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With Billions in Sales, Some Co-Ops Are Big Business

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When Brent Heuth and a team of researchers at the University of Wisconsin decided to measure the economic impact of cooperative-owned businesses in the United States, they didn't figure it would be too hard.

After all, co-ops have been around for centuries, and tens of millions of Americans are either members of a co-op or, at one time or another, customers.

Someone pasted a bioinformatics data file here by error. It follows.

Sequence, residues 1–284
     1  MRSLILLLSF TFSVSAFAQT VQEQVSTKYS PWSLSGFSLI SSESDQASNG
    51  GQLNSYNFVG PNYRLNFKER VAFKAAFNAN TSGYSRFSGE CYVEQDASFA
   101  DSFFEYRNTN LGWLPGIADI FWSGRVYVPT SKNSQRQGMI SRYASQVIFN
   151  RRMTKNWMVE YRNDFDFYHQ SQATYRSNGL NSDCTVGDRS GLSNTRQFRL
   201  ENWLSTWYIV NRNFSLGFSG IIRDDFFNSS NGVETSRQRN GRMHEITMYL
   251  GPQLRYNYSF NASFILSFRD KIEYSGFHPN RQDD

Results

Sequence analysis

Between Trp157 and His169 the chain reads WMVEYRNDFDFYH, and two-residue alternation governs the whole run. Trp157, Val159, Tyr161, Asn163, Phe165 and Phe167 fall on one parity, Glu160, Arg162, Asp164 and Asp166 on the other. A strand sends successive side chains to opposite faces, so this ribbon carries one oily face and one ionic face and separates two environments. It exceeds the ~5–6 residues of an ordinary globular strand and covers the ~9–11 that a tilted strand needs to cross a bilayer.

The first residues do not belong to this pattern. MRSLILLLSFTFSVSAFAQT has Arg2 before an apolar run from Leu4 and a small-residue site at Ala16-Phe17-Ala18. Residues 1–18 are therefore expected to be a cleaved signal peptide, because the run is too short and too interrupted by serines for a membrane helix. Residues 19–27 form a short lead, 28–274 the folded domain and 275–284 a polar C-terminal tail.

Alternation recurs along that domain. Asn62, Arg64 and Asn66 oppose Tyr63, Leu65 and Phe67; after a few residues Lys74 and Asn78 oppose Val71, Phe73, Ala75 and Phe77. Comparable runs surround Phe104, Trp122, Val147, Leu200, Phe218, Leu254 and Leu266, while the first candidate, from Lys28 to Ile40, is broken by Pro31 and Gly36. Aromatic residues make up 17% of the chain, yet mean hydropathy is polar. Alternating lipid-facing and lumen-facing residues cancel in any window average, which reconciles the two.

HealthPartners is a co-op. The organic milk you buy at the grocery store likely came from Organic Valley, the Wisconsin-based co-op that's on track to do $700 million in sales this year. Depending on where you live, the electricity powering your home or business might be coming from Maple Grove-based Great River Energy, a cooperative that is itself owned by 28 co-ops.

REI, the popular outdoor retailer based in Seattle? Co-op.

But Heuth's team found that nobody, including the U.S. Census Bureau, had ever really tried to quantify the co-op economy.

"There was no longitudinal data at all," said Heuth, a professor of agriculture and applied economics at the University of Wisconsin-Madison. "So what we came up with is a snapshot of how big the cooperative economy is today."

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